Study of Milk and Microorganisms ( Saugat Bhattacharjee )


 Milk is a white liquid produced by the mammary glands of mammals.

 Primary source of nutrition for young mammals before they are able to digest other types of food.

 Throughout the world, there are more than 6 billion consumers of milk and milk products.

Physical & Chemical properties

 Milk is a white emulsion or colloid of butter fat globules

 Presence of fat globules and the smaller casein micelles provide the opacity to the milk.

 Yellow-orange carotene imparts the creamy yellow colour to a glass of milk.

 It contains many other nutrients.

 Milk contains 30–35 grams of protein per liter of which about 80% is arranged in casein micelles.

 Different carbohydrate including lactose, glucose, galactose, and other oligosaccharides.

 Calcium, phosphate, magnesium, sodium, potassium, citrate, and chlorine are all included.

 Vitamins A, B6, B12, C, D, K, E, thiamine, niacin, biotin, riboflavin, folates, and pantothenic acid are all present in milk.

Microorganisms in milk

 Milk is sterile at secretion in the udder but is contaminated by bacteria even before it leaves the udder.

 Further infection of the milk by microorganisms can take place during milking, handling, storage, and other pre-processing activities.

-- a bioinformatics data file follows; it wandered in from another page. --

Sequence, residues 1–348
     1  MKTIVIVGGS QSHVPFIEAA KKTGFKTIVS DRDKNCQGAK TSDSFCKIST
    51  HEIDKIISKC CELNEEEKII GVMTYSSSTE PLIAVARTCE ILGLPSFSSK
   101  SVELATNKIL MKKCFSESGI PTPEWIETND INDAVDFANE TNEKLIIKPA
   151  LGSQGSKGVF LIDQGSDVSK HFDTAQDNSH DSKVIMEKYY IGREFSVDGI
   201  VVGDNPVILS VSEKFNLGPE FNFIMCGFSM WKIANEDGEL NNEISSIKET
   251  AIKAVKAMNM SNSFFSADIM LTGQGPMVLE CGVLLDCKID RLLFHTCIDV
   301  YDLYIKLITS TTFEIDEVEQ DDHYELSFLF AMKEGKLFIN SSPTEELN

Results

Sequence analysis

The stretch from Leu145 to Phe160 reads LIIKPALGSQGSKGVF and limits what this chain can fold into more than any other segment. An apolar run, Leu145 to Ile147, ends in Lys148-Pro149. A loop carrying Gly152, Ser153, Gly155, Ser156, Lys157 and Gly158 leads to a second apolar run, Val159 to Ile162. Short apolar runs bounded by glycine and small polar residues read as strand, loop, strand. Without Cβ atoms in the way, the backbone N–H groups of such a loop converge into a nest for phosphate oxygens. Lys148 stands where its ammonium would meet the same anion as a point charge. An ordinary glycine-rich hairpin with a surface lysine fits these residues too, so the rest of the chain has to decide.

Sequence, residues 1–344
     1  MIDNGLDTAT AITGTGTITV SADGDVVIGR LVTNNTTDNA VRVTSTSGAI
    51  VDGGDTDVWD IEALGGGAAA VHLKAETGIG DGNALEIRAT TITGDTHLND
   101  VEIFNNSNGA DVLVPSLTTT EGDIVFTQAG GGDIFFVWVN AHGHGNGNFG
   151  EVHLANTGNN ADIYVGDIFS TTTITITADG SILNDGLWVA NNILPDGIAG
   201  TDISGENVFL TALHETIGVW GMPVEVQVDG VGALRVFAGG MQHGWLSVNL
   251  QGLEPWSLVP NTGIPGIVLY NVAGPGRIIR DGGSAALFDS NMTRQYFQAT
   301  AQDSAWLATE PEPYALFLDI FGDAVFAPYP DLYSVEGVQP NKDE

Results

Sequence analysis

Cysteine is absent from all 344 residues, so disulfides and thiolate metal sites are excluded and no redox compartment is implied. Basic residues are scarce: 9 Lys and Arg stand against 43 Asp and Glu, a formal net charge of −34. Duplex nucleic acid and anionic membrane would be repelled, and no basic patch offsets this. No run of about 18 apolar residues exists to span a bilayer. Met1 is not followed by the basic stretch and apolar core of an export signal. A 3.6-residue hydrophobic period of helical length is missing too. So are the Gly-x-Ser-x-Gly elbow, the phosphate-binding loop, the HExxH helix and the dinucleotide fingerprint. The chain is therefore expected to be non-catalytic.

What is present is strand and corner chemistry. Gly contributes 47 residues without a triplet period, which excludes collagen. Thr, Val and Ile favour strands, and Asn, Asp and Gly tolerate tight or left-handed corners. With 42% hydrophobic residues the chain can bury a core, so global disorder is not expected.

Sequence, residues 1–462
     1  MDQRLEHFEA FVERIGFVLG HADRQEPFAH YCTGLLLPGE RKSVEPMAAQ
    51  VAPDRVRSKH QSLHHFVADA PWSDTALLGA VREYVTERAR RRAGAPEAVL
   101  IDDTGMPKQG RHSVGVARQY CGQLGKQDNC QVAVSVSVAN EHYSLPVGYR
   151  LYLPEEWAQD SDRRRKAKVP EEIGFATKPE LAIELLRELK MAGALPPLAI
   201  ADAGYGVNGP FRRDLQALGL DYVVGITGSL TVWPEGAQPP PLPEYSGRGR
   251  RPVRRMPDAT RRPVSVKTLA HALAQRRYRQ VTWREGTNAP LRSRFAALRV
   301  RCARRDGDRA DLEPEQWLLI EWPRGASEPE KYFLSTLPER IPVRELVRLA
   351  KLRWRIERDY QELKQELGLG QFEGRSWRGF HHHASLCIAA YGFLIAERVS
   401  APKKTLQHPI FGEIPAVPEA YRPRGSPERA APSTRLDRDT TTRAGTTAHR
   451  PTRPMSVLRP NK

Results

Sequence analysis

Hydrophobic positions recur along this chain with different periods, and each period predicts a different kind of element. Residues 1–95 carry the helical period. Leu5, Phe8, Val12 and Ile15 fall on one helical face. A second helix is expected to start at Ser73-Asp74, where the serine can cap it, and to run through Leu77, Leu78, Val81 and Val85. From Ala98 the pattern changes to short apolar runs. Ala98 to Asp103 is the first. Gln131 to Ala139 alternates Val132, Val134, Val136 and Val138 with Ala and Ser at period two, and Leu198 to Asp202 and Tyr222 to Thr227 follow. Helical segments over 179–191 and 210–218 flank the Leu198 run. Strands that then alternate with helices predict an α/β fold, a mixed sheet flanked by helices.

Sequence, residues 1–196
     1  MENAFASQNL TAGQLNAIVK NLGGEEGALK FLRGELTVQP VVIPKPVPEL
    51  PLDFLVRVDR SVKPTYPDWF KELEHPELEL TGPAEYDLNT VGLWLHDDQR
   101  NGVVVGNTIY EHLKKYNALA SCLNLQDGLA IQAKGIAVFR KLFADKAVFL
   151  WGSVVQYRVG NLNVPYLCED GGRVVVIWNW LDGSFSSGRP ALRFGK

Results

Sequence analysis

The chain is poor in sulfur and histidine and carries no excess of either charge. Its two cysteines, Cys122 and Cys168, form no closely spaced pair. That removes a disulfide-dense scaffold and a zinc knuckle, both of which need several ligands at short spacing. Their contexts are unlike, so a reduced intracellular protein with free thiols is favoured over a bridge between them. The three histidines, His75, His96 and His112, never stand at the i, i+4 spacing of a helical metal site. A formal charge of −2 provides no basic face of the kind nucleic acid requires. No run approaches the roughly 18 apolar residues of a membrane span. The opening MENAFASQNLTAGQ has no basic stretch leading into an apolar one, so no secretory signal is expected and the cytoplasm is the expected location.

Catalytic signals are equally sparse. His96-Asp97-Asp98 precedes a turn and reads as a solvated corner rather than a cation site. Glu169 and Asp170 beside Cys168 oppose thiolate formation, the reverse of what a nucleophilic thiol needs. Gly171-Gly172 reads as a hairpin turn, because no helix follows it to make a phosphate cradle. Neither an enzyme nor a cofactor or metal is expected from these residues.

Milk supports the growth of a variety of bacteria including pathogenic one.

 Acid-forming bacteria, such as Streptococcus lactis, Str. faecalis Lactobacilli. These ferment lactose, forming lactic acid, and lead to the formation of curd.

 Alkali-forming bacteria, such as Alkaligenes sp. Achromobacter. Aerobic spore-forming bacilli These render the milk alkaline.

 Gas-forming bacteria, such as Coliform bacteria Cl. peifringens Cl. Butyricum. These produce acid and gas.

 Proteolytic bacteria, such as Bacillus subtilis, B. cereus, Proteus vulgaris, Staphylococci Micrococci. These bacteria are responsible for proteolytic activity.

 Inert bacteria, such as Achromobacter do not produce any visible change.

Lactic Acid Bacteria

 lactococci

 L. delbrueckii subsp. lactis (Streptococcus lactis )

 Lactococcus lactis subsp. cremoris (Streptococcus cremoris )

 lactobacilli

 Lactobacillus casei

 L.delbrueckii subsp. lactis (L. lactis )

 L. delbrueckii subsp. bulgaricus

 (Lactobacillus bulgaricus )


 Coliforms: coliforms are facultative anaerobes with an optimum growth at 37° C.

 Coliforms are indicator organisms; they are closely associated with the presence of pathogens but not necessarily pathogenic themselves.

 They also can cause rapid spoilage of milk because they are able to ferment lactose with the production of acid and gas, and are able to degrade milk proteins.

 They are killed by HTST treatment, therefore, their presence after treatment is indicative of contamination.

 Escherichia coli is an example belonging to this group.

Pathogenic Microorganisms in Milk

 The following bacterial pathogens are still of concern today in raw milk and other dairy products:

 Bacillus cereus

 Listeria monocytogenes

 Yersinia enterocolitica

 Salmonella spp.

 Escherichia coli O157:H7

 Campylobacter jejuni

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